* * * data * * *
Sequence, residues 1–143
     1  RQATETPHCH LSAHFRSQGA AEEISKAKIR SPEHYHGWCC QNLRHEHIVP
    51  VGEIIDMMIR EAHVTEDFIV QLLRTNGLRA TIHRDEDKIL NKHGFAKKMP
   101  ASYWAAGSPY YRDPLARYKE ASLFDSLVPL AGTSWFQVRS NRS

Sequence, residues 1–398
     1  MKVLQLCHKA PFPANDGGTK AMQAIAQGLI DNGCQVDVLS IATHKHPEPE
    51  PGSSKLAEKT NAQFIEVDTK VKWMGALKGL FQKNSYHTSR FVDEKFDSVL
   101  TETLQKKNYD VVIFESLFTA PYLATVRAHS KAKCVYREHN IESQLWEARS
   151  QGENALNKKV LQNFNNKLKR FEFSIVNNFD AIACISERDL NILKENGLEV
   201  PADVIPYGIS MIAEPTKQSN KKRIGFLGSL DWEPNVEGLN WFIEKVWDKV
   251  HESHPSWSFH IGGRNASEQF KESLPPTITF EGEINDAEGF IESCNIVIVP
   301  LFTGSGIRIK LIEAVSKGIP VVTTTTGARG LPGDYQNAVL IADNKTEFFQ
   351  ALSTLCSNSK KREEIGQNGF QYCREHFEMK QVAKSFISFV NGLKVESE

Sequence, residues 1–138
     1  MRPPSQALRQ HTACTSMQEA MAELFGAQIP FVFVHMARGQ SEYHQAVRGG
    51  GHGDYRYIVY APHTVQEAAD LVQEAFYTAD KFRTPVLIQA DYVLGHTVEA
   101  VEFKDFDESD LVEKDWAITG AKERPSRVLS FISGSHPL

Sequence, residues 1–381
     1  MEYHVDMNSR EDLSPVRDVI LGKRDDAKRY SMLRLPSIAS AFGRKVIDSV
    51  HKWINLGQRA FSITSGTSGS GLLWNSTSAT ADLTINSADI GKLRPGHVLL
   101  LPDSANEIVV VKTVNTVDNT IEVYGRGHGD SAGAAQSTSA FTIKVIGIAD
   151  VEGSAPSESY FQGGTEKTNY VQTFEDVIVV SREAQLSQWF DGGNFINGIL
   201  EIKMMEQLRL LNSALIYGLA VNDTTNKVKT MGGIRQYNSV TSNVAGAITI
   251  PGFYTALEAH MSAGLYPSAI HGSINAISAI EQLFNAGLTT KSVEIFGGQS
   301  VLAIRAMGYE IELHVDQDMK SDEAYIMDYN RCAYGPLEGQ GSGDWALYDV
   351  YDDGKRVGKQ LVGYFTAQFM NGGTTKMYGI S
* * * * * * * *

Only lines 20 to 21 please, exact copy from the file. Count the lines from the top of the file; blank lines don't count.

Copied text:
    51  HKWINLGQRA FSITSGTSGS GLLWNSTSAT ADLTINSADI GKLRPGHVLL
   101  LPDSANEIVV VKTVNTVDNT IEVYGRGHGD SAGAAQSTSA FTIKVIGIAD